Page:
After the reboot, Bullseye should appear with its unique cloudy background. But it's necessary to update the display statements according to the display you're using, 2.8 or 3.5 inch because they're different between Buster and Bullseye. Please take a look at the corresponding Waveshare websites.


Bullseye is using Connman to handle the network settings which is different from Buster. You have to connect to the WLAN using a different approach then:

  • Menu / Preferences / Conman Settings --> connect manually to the network of your choice

Remove the panel network applet which is no longer working properly. To remove it, right click it and choose Remove "Wireless & Wired Network From Panel".

To add the one that works, right click the panel, choose Add / Remove Panel Items - > Add and add the Network Manager panel plugin.

Creating a TeleFrame Desktop Shortcut with a nice icon

It'd be not suitable to start an application with a shell command if you don't have a mouse and keyboard attached. Having a desktop icon may be nice a nice add-on then.

Therefore we have to create a short shell script in the TeleFrame folder called - or use the one from my Tiny Mac Resources Repository:

  • cd TeleFrame
  • nano

Add there following statements in the script:

  • cd TeleFrame
  • DISPLAY=:0 npm start

Save the file and close nano.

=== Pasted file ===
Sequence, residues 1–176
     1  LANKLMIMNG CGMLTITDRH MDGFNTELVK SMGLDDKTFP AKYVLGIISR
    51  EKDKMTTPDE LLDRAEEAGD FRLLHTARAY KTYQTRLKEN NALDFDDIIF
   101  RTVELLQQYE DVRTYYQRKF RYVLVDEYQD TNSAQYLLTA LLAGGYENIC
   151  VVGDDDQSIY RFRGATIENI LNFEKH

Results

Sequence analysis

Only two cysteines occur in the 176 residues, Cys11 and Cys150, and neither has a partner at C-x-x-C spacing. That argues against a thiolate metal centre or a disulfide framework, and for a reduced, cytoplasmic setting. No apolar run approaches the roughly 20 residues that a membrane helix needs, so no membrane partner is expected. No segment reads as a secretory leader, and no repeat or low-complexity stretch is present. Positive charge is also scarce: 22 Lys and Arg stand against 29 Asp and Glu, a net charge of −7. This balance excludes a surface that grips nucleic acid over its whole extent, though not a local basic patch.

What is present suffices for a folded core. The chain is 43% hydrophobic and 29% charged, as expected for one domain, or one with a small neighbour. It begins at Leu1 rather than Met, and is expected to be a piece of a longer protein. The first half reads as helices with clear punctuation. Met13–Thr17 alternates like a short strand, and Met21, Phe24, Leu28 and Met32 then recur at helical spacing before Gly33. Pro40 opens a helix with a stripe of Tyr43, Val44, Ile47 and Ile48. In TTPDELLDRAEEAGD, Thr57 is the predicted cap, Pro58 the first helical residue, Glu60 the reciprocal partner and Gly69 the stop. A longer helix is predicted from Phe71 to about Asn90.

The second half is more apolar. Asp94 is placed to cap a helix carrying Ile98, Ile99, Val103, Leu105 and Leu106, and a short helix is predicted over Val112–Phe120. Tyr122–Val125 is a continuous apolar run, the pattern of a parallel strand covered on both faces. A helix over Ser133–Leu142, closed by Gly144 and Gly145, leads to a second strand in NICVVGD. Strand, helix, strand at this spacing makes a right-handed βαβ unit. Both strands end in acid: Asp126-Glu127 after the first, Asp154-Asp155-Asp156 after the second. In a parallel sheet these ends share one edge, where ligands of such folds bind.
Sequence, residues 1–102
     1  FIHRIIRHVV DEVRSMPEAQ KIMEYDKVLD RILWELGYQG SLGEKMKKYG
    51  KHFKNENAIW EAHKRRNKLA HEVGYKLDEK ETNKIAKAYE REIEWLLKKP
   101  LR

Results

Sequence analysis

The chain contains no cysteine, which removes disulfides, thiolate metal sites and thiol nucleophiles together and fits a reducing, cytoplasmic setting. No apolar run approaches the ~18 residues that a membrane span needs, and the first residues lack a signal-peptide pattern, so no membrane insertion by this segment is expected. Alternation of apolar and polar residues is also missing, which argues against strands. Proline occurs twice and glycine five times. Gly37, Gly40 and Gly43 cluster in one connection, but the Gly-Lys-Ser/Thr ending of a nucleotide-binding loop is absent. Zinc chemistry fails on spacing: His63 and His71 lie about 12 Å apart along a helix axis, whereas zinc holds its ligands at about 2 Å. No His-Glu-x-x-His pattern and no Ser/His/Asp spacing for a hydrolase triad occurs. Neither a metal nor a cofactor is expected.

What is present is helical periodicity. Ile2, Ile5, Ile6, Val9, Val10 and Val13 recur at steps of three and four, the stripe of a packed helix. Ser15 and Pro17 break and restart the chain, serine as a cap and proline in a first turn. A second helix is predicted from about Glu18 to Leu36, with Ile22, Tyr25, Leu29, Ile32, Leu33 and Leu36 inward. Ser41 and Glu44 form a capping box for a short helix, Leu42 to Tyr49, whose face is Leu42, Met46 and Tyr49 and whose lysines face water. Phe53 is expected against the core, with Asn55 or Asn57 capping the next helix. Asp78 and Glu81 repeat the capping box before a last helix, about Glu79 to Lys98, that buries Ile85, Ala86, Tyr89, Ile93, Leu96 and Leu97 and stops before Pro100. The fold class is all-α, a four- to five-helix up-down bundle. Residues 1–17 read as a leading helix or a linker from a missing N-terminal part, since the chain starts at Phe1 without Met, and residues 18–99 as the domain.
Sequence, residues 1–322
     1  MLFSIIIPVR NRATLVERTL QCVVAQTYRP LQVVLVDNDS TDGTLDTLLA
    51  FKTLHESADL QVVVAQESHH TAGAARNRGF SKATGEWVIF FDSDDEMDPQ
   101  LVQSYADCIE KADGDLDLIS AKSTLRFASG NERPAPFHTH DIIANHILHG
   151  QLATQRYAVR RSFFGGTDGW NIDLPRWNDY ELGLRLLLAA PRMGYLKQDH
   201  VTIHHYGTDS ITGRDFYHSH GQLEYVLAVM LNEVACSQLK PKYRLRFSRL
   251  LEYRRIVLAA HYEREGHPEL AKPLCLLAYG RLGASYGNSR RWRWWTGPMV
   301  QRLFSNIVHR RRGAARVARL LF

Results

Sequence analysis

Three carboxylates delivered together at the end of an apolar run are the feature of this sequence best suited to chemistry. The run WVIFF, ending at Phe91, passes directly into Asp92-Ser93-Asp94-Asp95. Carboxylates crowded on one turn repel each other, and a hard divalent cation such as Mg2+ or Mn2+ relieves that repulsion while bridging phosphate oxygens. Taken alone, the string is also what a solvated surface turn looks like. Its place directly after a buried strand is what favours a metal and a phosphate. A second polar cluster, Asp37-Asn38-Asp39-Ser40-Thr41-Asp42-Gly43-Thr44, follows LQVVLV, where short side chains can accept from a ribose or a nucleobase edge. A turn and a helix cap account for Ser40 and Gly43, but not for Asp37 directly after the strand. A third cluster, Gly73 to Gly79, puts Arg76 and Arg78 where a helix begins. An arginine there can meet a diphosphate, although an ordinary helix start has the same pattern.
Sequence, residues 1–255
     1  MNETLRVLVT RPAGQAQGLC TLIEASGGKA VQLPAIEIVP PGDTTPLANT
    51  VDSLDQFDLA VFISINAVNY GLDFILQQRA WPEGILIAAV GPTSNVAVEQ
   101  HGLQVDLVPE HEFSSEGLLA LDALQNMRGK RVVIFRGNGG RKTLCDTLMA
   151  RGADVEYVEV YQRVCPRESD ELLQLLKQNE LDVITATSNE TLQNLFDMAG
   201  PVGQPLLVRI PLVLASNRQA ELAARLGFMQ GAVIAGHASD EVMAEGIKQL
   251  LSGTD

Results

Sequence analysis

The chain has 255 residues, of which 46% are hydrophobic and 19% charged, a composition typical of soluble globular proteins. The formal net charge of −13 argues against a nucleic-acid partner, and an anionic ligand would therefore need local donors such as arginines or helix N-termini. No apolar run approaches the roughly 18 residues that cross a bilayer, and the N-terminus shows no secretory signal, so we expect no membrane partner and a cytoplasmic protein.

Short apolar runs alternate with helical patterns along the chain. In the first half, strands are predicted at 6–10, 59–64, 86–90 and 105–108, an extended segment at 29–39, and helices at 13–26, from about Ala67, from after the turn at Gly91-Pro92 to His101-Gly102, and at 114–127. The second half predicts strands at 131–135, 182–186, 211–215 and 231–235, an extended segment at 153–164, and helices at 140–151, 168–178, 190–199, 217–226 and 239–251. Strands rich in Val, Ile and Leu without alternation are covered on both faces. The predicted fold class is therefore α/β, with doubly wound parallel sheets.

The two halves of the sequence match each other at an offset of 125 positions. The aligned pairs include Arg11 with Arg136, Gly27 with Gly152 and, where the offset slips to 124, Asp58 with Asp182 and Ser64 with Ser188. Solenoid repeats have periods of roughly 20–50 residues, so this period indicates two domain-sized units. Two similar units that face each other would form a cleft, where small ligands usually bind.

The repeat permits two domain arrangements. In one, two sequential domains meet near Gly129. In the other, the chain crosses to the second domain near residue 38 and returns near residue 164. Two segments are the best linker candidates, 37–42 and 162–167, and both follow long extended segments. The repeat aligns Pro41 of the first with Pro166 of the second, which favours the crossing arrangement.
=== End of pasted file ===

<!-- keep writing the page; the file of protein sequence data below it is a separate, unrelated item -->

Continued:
Then use the File Manager to change all file permissions from to "Anyone".

To create a TeleFrame menu entry, start the "Main Menu Editor" from the Preferences menu. Choose a menu you like to have the TeleFrame in, e.g. the Accessories menu, and klick the New Item button. Find the file in the its folder and give the the entry a name. As desktop icon you can use the icon I've created from my Tiny Mac Resources Repository. Don't use the "Launch in Terminal?"-option.

After clicking okay, you'd have a TeleFrame entry in the Accessories-menu. With a right click on the menu item, you can create a Desktop icon as well.


Step 13: Tiny Mac II & III: Desktop/Theme Settings

The desktop changes and GUI-based application installations should be done as long as the LCD-display drivers are not activated and you're using a big display. The xscreensaver configuration menus are too big for the small display. It makes it much easier that way.

If the desktop would be visible from time to time, I thought it should look nice. And I like the idea to give the Tiny Mac a personality in the network it's working in.

Theme changes using Rasperry Pi Configuration

Therefore I did the following changes:

  • rename the hostname to "TinyMacII" or "TinyMacIII"
  • change the background color to black and add the nice multicolor Apple-logo as a centered image
  • moved the task bar from top to bottom
  • and changed the start button picture to the TinyMac-logo
  • disable the "Screen Blanking"-option in the display section

File Manager

The File Manager-option for should be changed as well to let applications start without letting Raspberry Pi OS asking if the application is allowed to start:

  • Edit - Preferences --> activate the option "Don't ask options on launch executable files"

Changing start button picture

The start button pictures are located at /usr/share/icons/PiXflat/. There are multiple resolution sets of theme pictures.

Under PiXflat are 4 folders with each apps and places-folders with PNGs to be replaced:

  • 16x16, 24x24, 32x32 and 48x48
  • apps-folder, files: launch.png, rip.png